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Doing all of that running and all of that solo training changed my life for the better. I always did my best thinking in the solitude of training, with nothing to distract me besides my music. No Snapchat, no Instagram. No TV or chores or emails or whatever else to distract me from my own thoughts. As much I learned from doing it all on my own, after training with my friend, Leslie for 3 months in preparation for our half (her first race EVER), I realized that there's also something to be said for training with a friend too. 

We kind of haphazardly put together a plan for training which culminated in a final ten miler a couple weeks before the race. We ran together for the majority of training. Both of us were sick for probably 70 percent of the duration of the time leading up to the race (I still swear we had whooping cough) and I was healing from a back injury for the most of it. Despite feeling like we were hobbling around much of the time we trained, we still managed to finish the race at 2:05 (a PR for me and a great start for Leslie!) which makes me really proud of us. Especially knowing all that we went through to get to that point!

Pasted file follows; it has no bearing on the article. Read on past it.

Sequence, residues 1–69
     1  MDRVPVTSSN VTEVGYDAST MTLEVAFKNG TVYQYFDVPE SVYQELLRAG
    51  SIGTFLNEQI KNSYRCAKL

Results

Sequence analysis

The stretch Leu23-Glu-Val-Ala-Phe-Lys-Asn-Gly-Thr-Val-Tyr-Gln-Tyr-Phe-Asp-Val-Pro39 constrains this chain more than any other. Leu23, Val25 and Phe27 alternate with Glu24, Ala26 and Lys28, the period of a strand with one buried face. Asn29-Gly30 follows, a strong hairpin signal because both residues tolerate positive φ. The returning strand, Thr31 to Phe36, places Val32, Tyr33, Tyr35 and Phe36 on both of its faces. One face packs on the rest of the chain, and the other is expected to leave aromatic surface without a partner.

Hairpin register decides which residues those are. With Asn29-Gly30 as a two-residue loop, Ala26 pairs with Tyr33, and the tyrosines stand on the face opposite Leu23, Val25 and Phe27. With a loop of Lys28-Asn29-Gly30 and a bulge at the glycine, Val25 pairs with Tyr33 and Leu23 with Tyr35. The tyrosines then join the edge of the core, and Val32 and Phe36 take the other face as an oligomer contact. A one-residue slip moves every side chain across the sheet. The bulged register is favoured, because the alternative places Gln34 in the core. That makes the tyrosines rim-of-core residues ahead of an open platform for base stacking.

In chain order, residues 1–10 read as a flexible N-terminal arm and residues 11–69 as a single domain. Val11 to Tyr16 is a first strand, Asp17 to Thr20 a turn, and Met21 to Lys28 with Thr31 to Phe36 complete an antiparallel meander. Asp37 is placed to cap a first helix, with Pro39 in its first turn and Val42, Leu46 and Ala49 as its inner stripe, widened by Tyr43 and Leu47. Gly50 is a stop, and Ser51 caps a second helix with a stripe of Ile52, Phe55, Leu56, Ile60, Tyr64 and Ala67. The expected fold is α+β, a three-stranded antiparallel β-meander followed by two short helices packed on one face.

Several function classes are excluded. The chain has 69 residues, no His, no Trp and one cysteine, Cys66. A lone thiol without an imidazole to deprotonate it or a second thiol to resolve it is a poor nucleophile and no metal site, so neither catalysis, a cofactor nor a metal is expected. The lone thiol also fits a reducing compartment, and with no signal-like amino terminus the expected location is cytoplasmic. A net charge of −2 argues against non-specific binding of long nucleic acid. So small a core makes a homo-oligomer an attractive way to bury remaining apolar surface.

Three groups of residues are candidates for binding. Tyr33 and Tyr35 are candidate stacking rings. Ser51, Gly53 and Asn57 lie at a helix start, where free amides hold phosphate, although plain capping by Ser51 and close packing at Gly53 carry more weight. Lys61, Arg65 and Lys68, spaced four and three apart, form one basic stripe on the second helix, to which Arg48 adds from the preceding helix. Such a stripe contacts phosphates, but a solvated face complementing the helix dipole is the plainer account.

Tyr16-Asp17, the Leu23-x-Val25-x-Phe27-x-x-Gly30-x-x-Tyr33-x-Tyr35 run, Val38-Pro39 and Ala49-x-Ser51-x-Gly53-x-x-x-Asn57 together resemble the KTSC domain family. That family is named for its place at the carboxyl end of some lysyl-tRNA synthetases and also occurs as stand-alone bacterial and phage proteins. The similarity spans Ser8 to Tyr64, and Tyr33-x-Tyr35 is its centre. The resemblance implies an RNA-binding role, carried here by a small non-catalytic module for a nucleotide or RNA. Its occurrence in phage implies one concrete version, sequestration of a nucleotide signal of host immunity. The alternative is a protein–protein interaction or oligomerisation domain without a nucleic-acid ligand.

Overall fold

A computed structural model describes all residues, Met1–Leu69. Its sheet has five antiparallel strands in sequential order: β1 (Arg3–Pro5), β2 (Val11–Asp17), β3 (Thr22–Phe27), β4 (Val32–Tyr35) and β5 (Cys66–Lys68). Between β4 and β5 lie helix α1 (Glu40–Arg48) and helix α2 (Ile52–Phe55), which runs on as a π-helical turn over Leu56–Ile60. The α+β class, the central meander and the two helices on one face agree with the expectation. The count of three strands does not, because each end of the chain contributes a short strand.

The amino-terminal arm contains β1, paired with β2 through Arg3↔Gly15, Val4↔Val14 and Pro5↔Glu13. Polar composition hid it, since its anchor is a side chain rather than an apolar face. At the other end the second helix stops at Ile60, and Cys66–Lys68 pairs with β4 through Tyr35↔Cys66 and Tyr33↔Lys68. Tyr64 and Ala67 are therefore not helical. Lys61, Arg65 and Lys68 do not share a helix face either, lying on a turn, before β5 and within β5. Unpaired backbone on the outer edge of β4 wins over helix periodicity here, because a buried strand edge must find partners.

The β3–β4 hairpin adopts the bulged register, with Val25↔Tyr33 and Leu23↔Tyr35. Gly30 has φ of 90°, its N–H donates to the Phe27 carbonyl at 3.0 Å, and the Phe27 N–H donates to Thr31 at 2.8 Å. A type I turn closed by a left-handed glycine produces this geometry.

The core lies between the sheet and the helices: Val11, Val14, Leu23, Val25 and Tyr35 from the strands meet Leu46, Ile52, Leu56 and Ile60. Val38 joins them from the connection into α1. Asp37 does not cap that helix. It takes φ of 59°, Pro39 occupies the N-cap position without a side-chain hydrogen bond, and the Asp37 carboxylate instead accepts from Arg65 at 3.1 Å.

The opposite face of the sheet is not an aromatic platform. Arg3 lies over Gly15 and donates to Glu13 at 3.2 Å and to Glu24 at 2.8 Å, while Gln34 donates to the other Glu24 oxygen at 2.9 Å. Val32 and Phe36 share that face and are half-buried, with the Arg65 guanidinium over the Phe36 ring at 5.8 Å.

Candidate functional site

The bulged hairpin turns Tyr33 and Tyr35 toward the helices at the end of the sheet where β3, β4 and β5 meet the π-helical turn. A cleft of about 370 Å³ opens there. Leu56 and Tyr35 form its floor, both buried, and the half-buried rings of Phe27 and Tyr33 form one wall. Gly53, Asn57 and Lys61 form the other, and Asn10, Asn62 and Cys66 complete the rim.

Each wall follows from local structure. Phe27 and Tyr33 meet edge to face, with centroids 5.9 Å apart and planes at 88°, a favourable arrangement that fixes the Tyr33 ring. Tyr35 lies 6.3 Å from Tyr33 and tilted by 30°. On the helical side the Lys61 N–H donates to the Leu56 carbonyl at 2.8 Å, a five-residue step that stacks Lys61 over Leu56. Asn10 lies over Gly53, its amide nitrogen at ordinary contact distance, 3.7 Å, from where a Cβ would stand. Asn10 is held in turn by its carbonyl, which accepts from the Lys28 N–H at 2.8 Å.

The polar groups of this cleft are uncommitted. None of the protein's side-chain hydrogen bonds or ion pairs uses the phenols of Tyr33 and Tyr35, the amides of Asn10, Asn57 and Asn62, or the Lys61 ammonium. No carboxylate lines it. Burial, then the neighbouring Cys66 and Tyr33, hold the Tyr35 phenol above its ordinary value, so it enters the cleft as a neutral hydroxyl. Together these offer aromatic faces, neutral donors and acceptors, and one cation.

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I love Richmond because I like that the majority of the training is in much MUCH more mild weather than it is training for Spring races. The irony here is that this race ended up being THE coldest race I've ever run. When we made our way to the starting line it was only TWENTY SIX DEGREES. Both of us were nervous, me especially because I waited til the last minute to eat my giant Rice Krispy treat and then had to shove it down my gullet in two minutes before we took off. I was trying to make sure that we didn't have to stand outside in the cold too long, which ended up backfiring when we ended up rolling up right before our wave started!!